Bayo Akomolafe (Ph.D.) is Chief Curator and Executive Director of The Emergence Network. Author, lecturer, speaker, father, and rogue planet saved by the gravitational pull of his wife Ej, Bayo hopes to inspire a diffractive network of sharing within an ethos of new responsivity – a slowing down, an ethics of entanglement, an activism of inquiry, a ‘politics of surprise’. Born into a Yoruba family, Bayo graduated summa cum laude in psychology in 2006 at Covenant University (Nigeria). Trained in a world that increasingly fell short of his deepest desires for justice, Bayo conducted doctoral research into Yoruba indigenous healing systems as part of his inner struggle to regain a sense of rootedness to his community. Bayo understands he is on a shared decolonial journey with his family to live a small, intense life. He is an ecstatic father to Alethea Aanya and Kyah Jayden.  Learn more about his work at

In this episode, Dr. Akomolafe and I discuss:


  • The wisdom of slowing down in response to climate change. He shares the Yoruba and feminist insight that our response to a crisis is often part of the crisis—solutions that seem to make sense within our current understanding can reinforce the problem. Slowing down is an invitation to a different way of thinking, of noticing and appreciating nature, and of framing or re-framing what it means to be human.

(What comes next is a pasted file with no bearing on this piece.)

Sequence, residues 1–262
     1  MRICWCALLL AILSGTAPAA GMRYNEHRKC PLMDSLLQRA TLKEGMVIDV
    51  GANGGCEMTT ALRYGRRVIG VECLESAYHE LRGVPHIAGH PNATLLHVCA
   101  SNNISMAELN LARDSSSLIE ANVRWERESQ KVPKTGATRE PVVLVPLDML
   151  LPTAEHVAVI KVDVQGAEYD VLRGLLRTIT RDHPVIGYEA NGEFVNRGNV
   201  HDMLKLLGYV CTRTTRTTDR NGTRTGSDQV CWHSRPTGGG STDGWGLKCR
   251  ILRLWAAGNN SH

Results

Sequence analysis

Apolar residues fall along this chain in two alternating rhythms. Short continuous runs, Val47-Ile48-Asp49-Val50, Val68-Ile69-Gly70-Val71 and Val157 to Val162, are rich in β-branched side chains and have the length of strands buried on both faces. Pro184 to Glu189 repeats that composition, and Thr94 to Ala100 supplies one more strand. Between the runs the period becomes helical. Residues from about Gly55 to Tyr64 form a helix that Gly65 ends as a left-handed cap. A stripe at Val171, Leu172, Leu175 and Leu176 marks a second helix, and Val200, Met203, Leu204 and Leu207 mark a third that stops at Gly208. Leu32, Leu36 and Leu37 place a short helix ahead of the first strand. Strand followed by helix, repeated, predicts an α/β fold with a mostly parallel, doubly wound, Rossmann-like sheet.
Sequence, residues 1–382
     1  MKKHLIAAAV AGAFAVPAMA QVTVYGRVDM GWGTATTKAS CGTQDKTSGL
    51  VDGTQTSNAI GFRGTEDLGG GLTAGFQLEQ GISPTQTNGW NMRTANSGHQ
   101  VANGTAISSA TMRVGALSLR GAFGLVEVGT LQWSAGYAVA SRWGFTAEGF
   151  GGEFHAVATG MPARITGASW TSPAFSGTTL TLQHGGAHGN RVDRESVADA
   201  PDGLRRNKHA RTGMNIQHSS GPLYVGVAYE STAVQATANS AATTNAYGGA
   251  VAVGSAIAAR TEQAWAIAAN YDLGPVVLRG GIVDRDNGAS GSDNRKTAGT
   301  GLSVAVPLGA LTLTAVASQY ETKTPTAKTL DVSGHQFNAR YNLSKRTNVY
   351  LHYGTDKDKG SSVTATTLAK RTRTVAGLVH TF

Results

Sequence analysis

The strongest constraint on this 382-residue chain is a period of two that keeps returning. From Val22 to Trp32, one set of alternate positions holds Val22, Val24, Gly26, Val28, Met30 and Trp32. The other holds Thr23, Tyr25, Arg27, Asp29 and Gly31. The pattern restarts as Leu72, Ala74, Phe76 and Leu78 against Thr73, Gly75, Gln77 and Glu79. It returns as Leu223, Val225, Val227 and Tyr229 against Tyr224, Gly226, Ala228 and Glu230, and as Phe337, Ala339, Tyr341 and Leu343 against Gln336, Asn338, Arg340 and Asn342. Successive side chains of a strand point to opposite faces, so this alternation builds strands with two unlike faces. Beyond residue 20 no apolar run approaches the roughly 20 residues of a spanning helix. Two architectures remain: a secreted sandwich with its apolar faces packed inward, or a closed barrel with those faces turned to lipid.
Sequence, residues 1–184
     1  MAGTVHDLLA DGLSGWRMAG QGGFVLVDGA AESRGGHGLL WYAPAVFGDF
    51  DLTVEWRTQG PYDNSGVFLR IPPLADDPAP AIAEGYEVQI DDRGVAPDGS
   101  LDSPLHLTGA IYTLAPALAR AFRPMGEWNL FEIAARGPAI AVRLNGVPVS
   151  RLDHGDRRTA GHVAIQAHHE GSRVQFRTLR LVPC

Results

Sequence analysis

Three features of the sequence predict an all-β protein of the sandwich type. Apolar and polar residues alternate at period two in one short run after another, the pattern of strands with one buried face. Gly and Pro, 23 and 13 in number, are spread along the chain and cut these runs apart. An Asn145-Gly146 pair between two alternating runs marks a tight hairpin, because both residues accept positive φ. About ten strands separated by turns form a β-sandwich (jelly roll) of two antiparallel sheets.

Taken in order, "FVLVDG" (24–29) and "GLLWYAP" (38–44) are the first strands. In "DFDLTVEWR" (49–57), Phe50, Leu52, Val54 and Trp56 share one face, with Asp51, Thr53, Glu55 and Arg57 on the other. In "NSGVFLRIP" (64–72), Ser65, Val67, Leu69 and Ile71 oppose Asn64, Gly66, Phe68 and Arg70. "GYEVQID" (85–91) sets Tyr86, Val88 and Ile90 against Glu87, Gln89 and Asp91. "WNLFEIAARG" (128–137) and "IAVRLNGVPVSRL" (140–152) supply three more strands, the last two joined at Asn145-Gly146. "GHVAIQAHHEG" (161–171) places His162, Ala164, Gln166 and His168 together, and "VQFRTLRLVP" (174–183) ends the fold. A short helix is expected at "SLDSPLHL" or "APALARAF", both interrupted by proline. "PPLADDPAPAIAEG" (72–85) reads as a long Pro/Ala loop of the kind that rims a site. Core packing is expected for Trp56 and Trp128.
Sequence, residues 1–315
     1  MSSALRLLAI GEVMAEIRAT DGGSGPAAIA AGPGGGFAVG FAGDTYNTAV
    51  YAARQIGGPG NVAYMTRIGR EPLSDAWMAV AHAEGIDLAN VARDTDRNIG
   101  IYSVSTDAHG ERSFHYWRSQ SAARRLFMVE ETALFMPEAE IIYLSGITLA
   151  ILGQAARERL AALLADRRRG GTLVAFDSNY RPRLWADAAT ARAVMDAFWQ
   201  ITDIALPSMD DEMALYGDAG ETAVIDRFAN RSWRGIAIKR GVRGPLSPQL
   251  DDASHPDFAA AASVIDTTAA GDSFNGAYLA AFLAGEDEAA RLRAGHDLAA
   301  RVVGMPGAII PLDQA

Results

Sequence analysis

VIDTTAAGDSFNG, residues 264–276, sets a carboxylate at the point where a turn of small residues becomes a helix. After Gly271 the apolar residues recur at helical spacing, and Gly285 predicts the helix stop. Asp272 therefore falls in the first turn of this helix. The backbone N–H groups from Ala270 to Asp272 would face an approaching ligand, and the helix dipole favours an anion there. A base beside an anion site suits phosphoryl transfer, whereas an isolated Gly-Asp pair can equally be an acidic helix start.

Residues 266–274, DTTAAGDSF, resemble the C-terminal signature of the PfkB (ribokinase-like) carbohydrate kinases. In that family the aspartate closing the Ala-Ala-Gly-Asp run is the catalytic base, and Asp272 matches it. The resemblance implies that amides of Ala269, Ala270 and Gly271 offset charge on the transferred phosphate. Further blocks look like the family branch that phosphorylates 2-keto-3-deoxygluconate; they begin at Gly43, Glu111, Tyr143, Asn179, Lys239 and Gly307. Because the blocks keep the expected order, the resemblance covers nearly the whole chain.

• How unschooling his children is part of his response to climate change and the cultural structures that created it. When unschooling, he meets his children not as inadequate and requiring ‘schooling’ but as philosophers in their own right, ready for dialogue and exploratory learning.
  • Post-activism and the dismantling of whiteness in conversation with indigenous perspectives and post-modernist thought. How can we transition our focus beyond colonial oppressive structures and toward a broader sense of agency for all beings? This can involve re-naturalizing ourselves via new alliances and viewpoints in which humans are not necessarily central or dominant. “We are learning that we are part of the world and maybe that is a powerful riddle.”
  • Why making sanctuary feels crucial to him now. It is an invitation to inquire into the world in new ways, seeking types of power beyond whiteness and the nation-state, “trying to acknowledge a world that is animated and vital and alive as an ally in these times, in the Anthropocene.” “Maybe we need sanctuaries today. Places of unlearning mastery. We don’t know what kind of futures are in front of us, but not knowing is part of sanctuary and losing our sense of mastery, outside of the colonial project.” Bayo shares his thoughts on grief as activism, loss as an invitation to new ways of being, and hopelessness as a resource.
  • How Yoruba healers and plant medicine teach us to humbly see “the world as alive through and through, each component containing agency” and none complete on its own. This differs from the western scientific project of controlling the natural world. The more we pursue supremacy the more we discover that it is not attainable because the natural world within us and outside of us is more complex than we can conceive or dominate. Bayo advocates the work of “unlearning mastery, unlearning our domineering and dominating and control perspective” that has led us to try to control other humans and the natural world, to our detriment.
  • Why “a world full of play” might be the best we can imagine for the human future on Earth. A way to freedom, authenticity, and “the liveliness of the world at large.”